How Long Do I Have to Be a Permanent Resident to Sponsor My Spouse?

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Permanent Resident Sponsor My Spouse

One of the biggest questions that many couples have when going through the immigration process is “how long do I need to wait before I sponsor my spouse?”

Over the past few years, the answer to that question has changed along with the government in charge of the country. Although the conditional permanent residency status was canceled, couples still need to be prepared to ensue a lengthy wait to be approved.

Five Year Wait For Newly Sponsored Spouses

One of the changes implemented by the Conservative government in 2012 involved adding a lengthy wait for additional sponsorship once someone has been approved as a permanent resident through the program.

The department of Citizenship and Immigration Canada decreed that as of March 2nd, 2012, those who have earned permanent residency through the sponsorship program have to wait through an extended period of time, stating that “you cannot sponsor someone until you have been a permanent resident for five years.”

Applicants who managed to get their paperwork and forms in before the March 2nd deadline will not have to deal with this waiting period, regardless of when the approval for permanent residency went through.

This particular rule was put into place as a deterrent to those who attempt to abuse the sponsorship program through marriage, using nuptials as a way to enable easy passage into Canada.

This law applies to multiple relationship statuses, including common-law, conjugal partners and traditional spouses. If you happen to end up getting a divorce after coming to Canada and end up meeting a new partner that you wish to sponsor, you’ll have no choice but to go through the waiting period, regardless of the proof you provide to authorities of your new relationship.

Previously, when after becoming a permanent resident of Canada through spousal sponsorship, the waiting was only about three years, making it somewhat easier to go through the process when a previous relationship fails.

Liberal Government Reduces the Wait Upon Arrival

Another big change to the immigration system was the additional wait time tacked on for sponsored spouses arriving in Canada. Prior to 2012, there was no mandatory waiting period when people arrived after a successful application.

In addition to adding two years to the previous wait time for permanent residents seeking to sponsor a spouse, the Conservative government enacted a law that required a two-year stay as a conditional permanent resident when arriving on Canadian soil.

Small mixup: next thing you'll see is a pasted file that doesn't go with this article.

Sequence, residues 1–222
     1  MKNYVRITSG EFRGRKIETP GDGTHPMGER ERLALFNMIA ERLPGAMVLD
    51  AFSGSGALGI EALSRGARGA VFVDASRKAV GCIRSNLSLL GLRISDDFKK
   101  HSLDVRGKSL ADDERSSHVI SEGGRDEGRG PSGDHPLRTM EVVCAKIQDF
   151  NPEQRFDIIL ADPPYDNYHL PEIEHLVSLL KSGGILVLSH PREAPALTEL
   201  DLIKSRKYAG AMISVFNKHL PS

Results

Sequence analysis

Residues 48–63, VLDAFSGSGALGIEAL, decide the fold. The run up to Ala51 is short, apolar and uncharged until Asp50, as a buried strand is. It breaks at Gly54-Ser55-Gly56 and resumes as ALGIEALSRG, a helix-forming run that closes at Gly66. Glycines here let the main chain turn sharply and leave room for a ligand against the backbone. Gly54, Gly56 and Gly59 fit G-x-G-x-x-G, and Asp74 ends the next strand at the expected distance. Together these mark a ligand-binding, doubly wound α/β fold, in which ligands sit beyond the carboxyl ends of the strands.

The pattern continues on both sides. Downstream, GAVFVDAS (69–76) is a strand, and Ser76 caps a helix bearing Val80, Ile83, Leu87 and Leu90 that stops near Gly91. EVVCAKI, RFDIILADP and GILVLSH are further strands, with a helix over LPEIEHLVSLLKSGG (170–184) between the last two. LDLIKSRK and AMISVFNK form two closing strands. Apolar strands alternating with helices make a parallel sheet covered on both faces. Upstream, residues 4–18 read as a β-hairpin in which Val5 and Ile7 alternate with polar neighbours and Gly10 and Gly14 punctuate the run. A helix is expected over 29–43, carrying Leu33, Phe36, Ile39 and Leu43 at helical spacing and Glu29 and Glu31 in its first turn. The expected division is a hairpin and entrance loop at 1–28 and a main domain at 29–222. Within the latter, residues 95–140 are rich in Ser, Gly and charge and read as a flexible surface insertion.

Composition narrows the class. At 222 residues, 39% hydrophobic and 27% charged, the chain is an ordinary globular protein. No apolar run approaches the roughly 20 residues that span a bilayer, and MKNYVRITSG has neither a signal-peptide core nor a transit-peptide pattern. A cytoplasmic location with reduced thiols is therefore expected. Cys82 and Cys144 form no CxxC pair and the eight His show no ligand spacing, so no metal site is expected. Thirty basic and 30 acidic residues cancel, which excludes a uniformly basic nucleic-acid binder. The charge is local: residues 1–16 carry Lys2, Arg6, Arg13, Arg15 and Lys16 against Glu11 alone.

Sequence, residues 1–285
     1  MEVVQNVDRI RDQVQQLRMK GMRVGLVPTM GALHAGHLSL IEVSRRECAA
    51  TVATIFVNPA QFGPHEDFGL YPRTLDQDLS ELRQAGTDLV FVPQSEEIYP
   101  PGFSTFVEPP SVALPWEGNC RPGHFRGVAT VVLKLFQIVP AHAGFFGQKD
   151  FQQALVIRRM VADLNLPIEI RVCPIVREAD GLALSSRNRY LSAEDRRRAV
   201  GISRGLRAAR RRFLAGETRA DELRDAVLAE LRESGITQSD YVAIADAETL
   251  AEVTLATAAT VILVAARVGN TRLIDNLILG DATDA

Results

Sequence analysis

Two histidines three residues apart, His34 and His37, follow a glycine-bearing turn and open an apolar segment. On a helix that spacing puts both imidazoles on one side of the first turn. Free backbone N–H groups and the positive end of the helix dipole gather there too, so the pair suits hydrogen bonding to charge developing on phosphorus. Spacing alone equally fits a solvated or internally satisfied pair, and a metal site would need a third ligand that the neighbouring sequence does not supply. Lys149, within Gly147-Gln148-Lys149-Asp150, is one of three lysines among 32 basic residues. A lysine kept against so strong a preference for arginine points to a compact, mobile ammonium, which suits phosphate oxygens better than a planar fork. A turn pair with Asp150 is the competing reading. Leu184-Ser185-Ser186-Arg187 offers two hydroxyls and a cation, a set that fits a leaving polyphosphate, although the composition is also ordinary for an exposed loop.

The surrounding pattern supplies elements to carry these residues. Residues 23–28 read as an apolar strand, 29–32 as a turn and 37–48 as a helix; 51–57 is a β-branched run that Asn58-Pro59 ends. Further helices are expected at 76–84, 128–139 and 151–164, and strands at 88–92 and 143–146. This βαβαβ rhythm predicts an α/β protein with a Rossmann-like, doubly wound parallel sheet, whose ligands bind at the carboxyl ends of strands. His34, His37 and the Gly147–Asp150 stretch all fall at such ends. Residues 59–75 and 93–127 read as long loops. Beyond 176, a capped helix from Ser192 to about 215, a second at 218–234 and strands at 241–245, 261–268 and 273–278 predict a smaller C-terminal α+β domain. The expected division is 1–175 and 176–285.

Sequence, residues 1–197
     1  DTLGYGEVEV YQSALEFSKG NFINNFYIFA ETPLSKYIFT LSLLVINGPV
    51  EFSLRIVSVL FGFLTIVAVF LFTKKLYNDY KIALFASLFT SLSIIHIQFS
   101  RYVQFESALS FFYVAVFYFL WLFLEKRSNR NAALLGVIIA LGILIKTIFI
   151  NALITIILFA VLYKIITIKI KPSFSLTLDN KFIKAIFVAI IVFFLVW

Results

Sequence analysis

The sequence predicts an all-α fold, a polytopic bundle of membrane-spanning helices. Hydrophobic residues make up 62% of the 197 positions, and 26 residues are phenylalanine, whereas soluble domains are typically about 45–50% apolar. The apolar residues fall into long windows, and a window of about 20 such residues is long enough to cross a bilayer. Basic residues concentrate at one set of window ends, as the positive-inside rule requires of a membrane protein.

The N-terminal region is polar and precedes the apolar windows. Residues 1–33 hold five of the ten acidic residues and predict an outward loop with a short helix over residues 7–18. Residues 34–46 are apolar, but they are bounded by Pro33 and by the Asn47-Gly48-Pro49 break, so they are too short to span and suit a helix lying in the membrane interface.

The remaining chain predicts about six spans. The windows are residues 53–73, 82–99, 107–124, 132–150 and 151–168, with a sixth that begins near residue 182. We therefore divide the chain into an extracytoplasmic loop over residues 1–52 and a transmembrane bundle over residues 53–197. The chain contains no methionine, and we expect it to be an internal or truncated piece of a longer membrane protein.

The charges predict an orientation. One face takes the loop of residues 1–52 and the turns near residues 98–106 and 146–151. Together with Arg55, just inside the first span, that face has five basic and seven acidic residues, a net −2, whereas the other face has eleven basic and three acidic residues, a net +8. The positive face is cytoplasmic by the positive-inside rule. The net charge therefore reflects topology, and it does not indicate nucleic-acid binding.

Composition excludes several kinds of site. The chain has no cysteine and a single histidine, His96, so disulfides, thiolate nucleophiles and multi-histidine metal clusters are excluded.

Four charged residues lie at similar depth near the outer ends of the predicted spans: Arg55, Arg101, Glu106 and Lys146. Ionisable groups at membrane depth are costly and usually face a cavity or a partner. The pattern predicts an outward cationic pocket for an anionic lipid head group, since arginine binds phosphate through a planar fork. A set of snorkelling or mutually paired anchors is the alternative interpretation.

This additional period of time is added to the two-year waiting period for the application to be processed, leading to an average of about a four-year wait when everything’s added up.

However, when new Immigration Minister John McCallum reviewed the system, he sided with many activists and immigration experts who suggested that the two-year conditional period should be abolished. In 2016, he announced that the conditional permanent resident status will be removed from the requirements.

Along with the promise to reduce application processing time, this announcement cuts the average waiting time to become a permanent resident by half. This also reduced the risk for newcomers, who were exposed to a system that placed all the power in the hands of the resident spouse.

Since conditional residents lived with the threat of the withdrawal of support, they were much less likely to seek help when dealing with abusive spouses and employers, cutting off access to vital services that Canadian citizens enjoy.

Further Reductions Potentially On The Horizon

While there were no specific announcements about the five year waiting period that permanent residents face before being able to sponsor another, the fact that the conditional program was shut down suggests that the Canadian government will use other methods to prevent marriage fraud as a pathway to citizenship.

Rather than institute a waiting period, lawyers suggest that legislation that actually targets fraudulent works better. For example, the end of “proxy marriages executed via telephone, fax or the Internet” will have a stronger effect that simply testing the patience of fraudsters.

When the Immigration Minister saw that the processing times for paperwork were as lengthy as the two-year conditional rule, he also pledged to reduce the waiting time for applications to be processed, leading to a more efficient and humane process overall.

Questions About Immigration? My Visa Source Has Answers.

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